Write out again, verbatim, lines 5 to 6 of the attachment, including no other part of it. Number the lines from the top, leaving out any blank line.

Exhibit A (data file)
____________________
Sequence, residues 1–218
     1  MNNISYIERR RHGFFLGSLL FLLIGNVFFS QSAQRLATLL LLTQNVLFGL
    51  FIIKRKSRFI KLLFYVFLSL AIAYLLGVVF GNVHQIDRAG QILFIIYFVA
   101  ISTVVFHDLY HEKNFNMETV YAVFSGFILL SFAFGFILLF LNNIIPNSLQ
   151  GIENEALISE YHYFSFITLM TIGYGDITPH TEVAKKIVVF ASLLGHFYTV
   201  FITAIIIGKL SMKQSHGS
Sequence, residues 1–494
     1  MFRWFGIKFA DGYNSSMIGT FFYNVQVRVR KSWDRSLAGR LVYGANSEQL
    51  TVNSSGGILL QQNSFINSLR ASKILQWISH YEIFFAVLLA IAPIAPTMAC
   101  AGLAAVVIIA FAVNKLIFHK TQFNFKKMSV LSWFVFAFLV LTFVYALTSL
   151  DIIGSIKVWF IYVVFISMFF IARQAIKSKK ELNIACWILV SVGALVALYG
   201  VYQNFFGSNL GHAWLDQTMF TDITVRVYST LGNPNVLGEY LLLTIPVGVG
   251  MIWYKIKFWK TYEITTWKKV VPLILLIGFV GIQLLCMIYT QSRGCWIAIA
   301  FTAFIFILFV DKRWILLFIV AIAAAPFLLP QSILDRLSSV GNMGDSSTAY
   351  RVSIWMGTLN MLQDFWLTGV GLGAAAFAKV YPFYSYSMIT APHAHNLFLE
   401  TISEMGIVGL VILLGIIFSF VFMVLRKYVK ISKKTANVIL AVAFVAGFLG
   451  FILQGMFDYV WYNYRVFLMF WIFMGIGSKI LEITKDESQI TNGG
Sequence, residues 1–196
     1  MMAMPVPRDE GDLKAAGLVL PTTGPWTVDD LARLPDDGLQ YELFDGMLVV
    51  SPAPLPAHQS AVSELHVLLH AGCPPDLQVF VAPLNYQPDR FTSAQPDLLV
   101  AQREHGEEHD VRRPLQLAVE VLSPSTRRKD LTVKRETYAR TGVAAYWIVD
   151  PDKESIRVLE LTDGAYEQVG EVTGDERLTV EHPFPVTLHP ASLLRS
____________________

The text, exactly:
   151  GIENEALISE YHYFSFITLM TIGYGDITPH TEVAKKIVVF ASLLGHFYTV
   201  FITAIIIGKL SMKQSHGS